8. Tims Restaurant and Cafe - Lorong 4 Toa Payoh

Run by a Nepali, this humble joint in the heartlands of Toa Payoh serves up lip-smacking Nepalese fare like chicken momo (dumplings), as well as value-for-money comfort Western food like steaks and lamb chops.

9. The Boiler - Howard Road

The Boiler brings Cajun boiled seafood to the warehouse-filled estate of Tai Seng.

Here, you can messily dig into bags of boiled seafood - including seasonal crabs, prawns, mussels and clams - without shame. The Boiler also has a good selection of sides, including crispy fish skin (coated in salted egg yolk).

5 unexpected locations in Singapore where you'll find good food

  • 82, Sungei Tengah Road

    Come admire the flowers and while you are here, have a meal or two. That is the pitch owner Joseph Phua has for his restaurant.

  • Mr Phua's offerings are healthy, with reduced sodium and sugar.
  • "But it doesn't mean it's tasteless. The taste comes from the freshness - the vegetables are from our farm and the seafood is from the market," he says.
  • And the signature dishes they zoom in for? "Our famous crispy fusion pork knuckle with salad and curry fish head," says Mr Phua.
  • Another dish the restaurant serves is sliced pork.
  • 3, Chu Lin Road

    In the quiet and placid Hillview estate sits a lively little Italian joint.

  • "Being new in this business, we were not comfortable spending too much on rental. We want to focus on the quality of the food we serve to customers. And this, essentially, has been the working formula in the six years since we started," says one of Cacio E Pepe's partners, Ms Chia Bee Eng.
  • Cacio E Pepe was originally located in Rochdale Road and moved to Chu Lin Road in 2011. It offers restaurant quality home-style food.
  • As for its menu, Ms Chia says there is no focus on a particular region of Italy.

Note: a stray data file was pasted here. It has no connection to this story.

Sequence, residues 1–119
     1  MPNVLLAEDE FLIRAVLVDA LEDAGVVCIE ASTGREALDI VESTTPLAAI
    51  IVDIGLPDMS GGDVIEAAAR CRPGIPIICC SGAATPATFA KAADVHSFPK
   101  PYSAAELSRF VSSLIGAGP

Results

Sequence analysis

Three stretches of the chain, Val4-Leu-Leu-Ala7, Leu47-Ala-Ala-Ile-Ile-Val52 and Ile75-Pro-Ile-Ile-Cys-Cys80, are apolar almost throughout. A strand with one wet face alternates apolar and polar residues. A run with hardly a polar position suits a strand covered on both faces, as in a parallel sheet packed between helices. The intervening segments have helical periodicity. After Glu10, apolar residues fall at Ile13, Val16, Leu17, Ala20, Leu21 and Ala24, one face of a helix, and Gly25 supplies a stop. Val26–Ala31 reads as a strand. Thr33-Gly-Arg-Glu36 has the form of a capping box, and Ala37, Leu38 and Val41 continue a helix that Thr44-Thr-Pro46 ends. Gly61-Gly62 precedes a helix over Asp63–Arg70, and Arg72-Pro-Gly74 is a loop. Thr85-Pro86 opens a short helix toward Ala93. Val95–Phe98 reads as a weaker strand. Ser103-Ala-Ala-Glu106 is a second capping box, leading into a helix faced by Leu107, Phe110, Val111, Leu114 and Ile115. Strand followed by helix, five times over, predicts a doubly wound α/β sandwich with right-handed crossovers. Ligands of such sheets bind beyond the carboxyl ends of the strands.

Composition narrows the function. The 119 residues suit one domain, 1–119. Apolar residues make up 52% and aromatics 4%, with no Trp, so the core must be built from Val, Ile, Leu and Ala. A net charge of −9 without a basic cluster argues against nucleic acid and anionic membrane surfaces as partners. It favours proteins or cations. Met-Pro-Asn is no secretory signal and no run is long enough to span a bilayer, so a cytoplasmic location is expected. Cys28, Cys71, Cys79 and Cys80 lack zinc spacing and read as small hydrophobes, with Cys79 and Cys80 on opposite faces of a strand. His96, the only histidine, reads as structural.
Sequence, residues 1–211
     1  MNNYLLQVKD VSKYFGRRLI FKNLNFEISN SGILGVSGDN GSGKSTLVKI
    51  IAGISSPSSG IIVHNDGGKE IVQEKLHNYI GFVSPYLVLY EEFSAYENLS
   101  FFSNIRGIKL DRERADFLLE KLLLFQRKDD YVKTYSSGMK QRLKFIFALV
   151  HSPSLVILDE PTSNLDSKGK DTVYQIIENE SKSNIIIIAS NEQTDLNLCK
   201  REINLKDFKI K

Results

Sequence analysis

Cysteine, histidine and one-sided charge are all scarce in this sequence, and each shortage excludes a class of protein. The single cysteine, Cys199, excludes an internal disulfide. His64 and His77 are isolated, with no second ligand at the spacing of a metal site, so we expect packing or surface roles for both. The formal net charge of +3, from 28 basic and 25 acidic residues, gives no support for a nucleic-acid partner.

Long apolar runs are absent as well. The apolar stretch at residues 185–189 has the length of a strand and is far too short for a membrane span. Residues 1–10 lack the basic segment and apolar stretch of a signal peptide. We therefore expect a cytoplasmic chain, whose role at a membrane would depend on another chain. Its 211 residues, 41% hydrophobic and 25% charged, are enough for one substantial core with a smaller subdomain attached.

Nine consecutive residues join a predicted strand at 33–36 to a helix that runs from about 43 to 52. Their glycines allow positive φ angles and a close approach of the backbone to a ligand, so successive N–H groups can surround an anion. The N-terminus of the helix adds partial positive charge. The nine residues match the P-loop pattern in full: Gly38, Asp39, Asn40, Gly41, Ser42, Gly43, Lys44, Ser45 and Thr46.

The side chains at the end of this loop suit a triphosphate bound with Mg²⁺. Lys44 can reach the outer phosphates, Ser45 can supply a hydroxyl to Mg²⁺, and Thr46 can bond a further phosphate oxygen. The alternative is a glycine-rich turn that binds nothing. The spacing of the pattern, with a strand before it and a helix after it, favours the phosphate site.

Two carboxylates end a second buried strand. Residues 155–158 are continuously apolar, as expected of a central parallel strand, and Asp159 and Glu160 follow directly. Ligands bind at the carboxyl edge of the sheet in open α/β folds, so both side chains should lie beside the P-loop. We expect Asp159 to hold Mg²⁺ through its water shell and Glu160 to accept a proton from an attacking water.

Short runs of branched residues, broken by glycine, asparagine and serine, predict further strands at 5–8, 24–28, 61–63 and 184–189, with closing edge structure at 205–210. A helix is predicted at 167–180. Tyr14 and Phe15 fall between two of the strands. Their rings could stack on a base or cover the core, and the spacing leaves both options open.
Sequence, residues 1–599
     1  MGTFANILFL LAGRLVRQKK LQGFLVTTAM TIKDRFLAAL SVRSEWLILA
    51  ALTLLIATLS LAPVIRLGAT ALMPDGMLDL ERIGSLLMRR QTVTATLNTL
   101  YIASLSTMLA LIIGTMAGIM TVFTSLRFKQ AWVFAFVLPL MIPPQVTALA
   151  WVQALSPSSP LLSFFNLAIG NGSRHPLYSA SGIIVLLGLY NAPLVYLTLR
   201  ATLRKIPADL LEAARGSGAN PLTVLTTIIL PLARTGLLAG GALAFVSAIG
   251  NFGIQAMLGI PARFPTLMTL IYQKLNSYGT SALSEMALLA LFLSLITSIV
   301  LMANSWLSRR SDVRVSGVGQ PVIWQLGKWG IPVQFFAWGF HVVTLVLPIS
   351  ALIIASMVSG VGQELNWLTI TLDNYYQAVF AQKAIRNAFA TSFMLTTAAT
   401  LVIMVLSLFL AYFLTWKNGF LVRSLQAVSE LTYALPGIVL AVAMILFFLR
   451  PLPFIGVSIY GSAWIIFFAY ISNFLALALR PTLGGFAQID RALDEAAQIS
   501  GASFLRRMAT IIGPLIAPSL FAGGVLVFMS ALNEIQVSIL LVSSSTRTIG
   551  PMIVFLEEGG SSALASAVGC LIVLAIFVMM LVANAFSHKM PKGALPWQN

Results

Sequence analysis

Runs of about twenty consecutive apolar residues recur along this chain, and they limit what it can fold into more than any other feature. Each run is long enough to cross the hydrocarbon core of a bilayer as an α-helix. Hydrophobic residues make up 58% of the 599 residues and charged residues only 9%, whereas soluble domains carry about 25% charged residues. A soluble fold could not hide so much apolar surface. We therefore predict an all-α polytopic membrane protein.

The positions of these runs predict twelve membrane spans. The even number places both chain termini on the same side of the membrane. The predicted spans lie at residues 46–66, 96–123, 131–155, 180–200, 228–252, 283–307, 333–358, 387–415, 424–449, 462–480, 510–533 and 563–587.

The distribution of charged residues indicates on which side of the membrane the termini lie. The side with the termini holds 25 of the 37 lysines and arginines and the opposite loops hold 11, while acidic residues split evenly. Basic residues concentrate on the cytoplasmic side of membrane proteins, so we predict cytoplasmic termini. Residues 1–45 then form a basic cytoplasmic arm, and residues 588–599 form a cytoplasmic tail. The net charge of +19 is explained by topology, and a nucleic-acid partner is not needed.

• "Our wide and extensive menu includes appetiser, soup, risotto, salad, pasta, pizza, meat and fish. We make our own dessert too," she adds.
  • Some of its specials in recent weeks included rack of lamb and mackerel with mash and salad.
  • Seven out of 10 customers are locals who travel from different parts of Singapore. Others even come from overseas.
  • "We had a prince from Saudi Arabia dining here with his family during their visit in 2010," Ms Chia recounts.
  • 27, Cosford Road

    Wanting a place with a rustic feel away from the hustle and bustle of the city, the owners of The Catch decided to go deep in the bowels of Cosford Road.

  • The Catch is near Changi Prison and Selarang Camp and is not easily accessible by public transport as the nearest bus stop is a five-minute walk along a dark and deserted road.
  • Says The Catch's operations manager, Mr Danny Tan: "We were located at Pasir Ris Farmway 2, but had to move. We were looking for a place that is far from town and could accommodate our large tanks. When we came across this place, it was a perfect fit."
  • Having officially opened only six months ago, Mr Tan says it is quieter during the weekdays, with the lunch crowd comprising mainly airline workers, freight personnel and prison officers.
  • "It is generally more crowded during evenings and weekends. We see people from all walks of life coming here. Many spend the weekend here and have meals in the evening."
  • The Catch's signature dish is roast chicken stuffed with glutinous rice. Its mee pok with XO sauce, and lala clam boiled in Chinese wine are also worth trying.
  • 251A, Arcadia Road

    Tucked within the nature reserve and obscured by rows of condominium, this old-school restaurant offers home-style Chinese fare in a cosy setting.

  • Owner Grace Lee says her joint has been a fixture in the area for 15 years.
  • Ms Lee maintains that she does not advertise her business and much of the publicity is through word of mouth.
  • The signature dishes worth the drive here include fried chicken, pork chop and homemade tofu with a sprinkling of minced pork and turnip.
  • 18, Howard Road, #01-06, Novelty Bizcentre

    Located in Tai Seng Industrial Estate, the communal dining concept restaurant is just a short walk from Tai Seng MRT station.

  • Owner Malcolm Hong says he picked the location because of the space, cost of rental, ease of parking and human traffic.
  • "We would be paying over four to five times higher in hot spots such as Holland Village or Mohd Sultan Road," he explains.
  • With the changing landscape of industrial areas, The Boiler serves "the younger executives and business owners with decent purchasing power. No longer are they (industrial estates) populated by only blue-collar workers", Mr Hong says.
  • "We see a more sophisticated and younger group of executives and business owners who are deprived of a casual dining and drinking place," he adds.
  • The food here is American with a strong Southern influence and its speciality sauce, The Works, uses many Cajun ingredients.
  • The Boiler's Bombdiggity Bagconsists of, among others, crab and prawns.

10. Meyer House - Changi

Overlooking Changi Beach, Meyer House occupies a colonial bungalow built in 1927. Inside, the decor recalls the 1930s with an elegant bar and dark wood panelling.